Those suffering from flat feet know how problematic it can be throughout life.
The key to mitigating a life of problems is early recognition & treatment.
A parent’s suspicion of flat feet often begins when their children begin to walk. However, all children’s feet are pudgy at birth and through the early years of walking. The real sign of flat footedness usually occurs from ages 3-5 when an arch fails to form. In other words, the flatness should go away, if it doesn’t resolve at age 5 you can assume it’s an issue that should be further examined by a medical professional.
-The common misconception that the flatness will resolve is incorrect. Just like any other deformity, it will not autocorrect.-
What’s important to understand is balance. The development of the anatomy under normal circumstances and what happens when circumstances aren’t normal. I’m speaking of course of the foot and how it functions beneath our weight, with every step. Ideally the thousands of steps taken daily by all people, especially children, we want to ensure balance. My belief is, balance encourages normal anatomical development and more likely lifelong normal function.
The bones of a child are soft and constantly changing as they progress toward skeletal maturity. Think of a sack of potatoes. The more you bang the bag around, the more bruised, softened and mashed they become. Imagine the potatoes are the bones of a child. And although even the worst of circumstances doesn’t flatten or bruise the bones like potatoes, they are subject to abuses of walking and imbalance. This leads to the adult flat foot. It’s not to say there aren’t other ailments that can lead to a flatfoot, but this is one very common cause.
So, what happens and where does the imbalance come from. It’s essentially malalignment. The misalignment happens mostly due to flexibility, sure kids are flexible, and some adults too. This is easily found with examination. In my opinion it is balance and a balancing act really. The bones under the ankle interdigitate together through 3 surfaces like 2 inverted tripods against one another. Those surfaces are relatively small and support all the weight of the body. They need to remain in close opposition for the balance act to occur, all the while walking. When the ligaments and soft tissues around them are weak, the interdigitating surfaces of the tripod fall passed one another and collapse the natural space in between them. This collapse as a child is a “Small Problem”. Now imagine thousands of steps per day and years of imbalance resulting in a variety of symptoms and subsequently a “Big Problem”.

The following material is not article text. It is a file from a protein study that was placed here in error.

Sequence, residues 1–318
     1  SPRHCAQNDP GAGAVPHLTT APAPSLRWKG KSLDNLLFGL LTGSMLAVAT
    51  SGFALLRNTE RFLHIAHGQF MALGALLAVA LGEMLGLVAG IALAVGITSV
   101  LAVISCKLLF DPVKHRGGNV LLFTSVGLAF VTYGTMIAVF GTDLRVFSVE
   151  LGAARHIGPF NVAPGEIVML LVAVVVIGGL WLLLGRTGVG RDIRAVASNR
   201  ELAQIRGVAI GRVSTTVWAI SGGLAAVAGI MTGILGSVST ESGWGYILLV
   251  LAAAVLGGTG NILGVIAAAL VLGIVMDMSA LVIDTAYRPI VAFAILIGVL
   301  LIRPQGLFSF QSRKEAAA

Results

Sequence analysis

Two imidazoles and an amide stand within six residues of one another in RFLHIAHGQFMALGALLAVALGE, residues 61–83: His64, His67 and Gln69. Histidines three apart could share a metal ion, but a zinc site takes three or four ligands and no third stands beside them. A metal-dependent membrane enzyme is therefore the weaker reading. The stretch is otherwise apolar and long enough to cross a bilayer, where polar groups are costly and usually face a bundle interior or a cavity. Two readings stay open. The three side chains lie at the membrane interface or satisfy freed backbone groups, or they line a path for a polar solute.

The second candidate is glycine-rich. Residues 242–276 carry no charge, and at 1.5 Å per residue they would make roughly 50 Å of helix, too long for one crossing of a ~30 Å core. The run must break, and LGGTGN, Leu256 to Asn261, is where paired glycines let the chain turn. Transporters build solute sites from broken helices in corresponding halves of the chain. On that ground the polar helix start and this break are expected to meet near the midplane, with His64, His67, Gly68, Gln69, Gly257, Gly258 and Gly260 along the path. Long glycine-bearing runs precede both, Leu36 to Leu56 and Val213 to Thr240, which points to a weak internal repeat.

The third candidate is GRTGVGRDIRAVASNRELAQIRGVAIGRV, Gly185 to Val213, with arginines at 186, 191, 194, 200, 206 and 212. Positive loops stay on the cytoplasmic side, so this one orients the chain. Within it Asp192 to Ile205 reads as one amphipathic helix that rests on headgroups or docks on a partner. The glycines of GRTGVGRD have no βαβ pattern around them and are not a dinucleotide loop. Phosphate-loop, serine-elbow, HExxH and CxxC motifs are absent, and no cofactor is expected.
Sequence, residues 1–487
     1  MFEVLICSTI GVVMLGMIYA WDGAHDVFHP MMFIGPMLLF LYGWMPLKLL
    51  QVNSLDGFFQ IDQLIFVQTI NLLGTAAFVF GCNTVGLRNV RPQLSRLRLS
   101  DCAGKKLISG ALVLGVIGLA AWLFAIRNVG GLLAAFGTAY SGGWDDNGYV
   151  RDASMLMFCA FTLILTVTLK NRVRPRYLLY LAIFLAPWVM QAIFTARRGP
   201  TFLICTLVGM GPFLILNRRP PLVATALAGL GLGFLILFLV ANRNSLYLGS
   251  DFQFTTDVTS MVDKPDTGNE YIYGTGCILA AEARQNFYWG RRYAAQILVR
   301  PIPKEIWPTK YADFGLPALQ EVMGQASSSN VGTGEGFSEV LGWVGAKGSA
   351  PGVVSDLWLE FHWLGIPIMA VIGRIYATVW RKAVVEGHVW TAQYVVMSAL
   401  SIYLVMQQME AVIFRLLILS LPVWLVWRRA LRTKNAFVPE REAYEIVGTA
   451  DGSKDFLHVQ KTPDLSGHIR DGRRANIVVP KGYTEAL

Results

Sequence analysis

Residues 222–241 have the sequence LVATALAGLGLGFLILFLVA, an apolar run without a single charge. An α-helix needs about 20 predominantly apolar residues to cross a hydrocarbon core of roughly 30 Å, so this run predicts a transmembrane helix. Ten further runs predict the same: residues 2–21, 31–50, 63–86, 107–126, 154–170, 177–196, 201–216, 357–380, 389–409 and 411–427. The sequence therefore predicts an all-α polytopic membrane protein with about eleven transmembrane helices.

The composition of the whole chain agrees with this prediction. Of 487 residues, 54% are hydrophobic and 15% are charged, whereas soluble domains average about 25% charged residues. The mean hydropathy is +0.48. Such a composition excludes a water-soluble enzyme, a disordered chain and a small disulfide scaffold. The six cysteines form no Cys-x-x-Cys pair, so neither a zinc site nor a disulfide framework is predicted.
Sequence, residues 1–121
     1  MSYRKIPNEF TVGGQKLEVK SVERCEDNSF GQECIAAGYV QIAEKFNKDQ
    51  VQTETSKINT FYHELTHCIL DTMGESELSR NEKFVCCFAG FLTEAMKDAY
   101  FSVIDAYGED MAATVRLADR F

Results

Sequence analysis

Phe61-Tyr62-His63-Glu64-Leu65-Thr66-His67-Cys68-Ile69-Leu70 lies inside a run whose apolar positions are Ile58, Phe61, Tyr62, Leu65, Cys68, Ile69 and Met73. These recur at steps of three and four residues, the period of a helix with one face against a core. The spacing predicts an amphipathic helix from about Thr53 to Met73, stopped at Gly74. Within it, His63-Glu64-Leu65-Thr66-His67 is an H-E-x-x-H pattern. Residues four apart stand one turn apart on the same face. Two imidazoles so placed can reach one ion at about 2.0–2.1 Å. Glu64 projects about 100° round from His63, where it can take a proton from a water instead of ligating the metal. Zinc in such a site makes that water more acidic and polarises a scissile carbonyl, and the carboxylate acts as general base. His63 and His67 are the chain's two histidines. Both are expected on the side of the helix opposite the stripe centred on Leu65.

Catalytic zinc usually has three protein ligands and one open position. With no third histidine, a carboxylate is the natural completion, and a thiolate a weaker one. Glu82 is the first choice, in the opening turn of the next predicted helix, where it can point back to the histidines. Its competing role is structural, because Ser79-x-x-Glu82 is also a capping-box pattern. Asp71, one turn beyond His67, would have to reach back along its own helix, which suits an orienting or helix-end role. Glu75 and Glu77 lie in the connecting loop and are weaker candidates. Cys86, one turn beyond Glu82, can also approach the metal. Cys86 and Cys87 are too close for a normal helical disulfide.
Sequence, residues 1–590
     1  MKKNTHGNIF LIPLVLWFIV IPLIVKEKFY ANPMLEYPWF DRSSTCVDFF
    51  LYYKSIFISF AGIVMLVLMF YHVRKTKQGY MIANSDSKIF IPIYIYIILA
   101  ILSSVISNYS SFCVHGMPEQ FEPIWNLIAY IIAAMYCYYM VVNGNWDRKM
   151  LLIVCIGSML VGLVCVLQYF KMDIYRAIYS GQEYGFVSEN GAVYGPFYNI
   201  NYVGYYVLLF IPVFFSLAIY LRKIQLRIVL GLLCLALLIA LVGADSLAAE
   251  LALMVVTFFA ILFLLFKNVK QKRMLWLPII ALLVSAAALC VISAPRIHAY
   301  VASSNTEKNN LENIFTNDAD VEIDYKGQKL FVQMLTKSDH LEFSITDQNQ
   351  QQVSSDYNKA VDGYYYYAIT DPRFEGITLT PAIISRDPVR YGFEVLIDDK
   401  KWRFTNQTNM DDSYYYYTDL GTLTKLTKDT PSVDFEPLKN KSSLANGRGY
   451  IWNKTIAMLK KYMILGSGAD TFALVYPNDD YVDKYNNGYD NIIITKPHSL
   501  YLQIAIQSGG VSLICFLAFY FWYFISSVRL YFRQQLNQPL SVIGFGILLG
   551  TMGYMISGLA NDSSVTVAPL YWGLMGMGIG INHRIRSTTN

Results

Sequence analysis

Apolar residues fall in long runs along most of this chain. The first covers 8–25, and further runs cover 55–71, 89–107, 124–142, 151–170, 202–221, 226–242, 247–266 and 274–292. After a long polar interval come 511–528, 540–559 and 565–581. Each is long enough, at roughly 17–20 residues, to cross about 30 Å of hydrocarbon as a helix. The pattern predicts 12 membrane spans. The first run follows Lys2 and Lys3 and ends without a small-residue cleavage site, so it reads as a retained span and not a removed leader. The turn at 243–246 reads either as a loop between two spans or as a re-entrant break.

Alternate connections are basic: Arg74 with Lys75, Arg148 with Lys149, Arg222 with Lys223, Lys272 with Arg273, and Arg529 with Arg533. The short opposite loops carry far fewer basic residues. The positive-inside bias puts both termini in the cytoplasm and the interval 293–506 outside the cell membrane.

So, what is this natural space that we’re so concerned about? It’s shaped like a funnel and is called the sinus tarsi. God created this funnel and it functions like a natural axis of rotation. Like a wheel on your car the feet function to move us along. But unlike a wheel that spins the bones of the feet recreate this effect through rotation of the funnel.
This space needs to remain open for the “balancing act” to occur. This space is precisely where the instability occurs.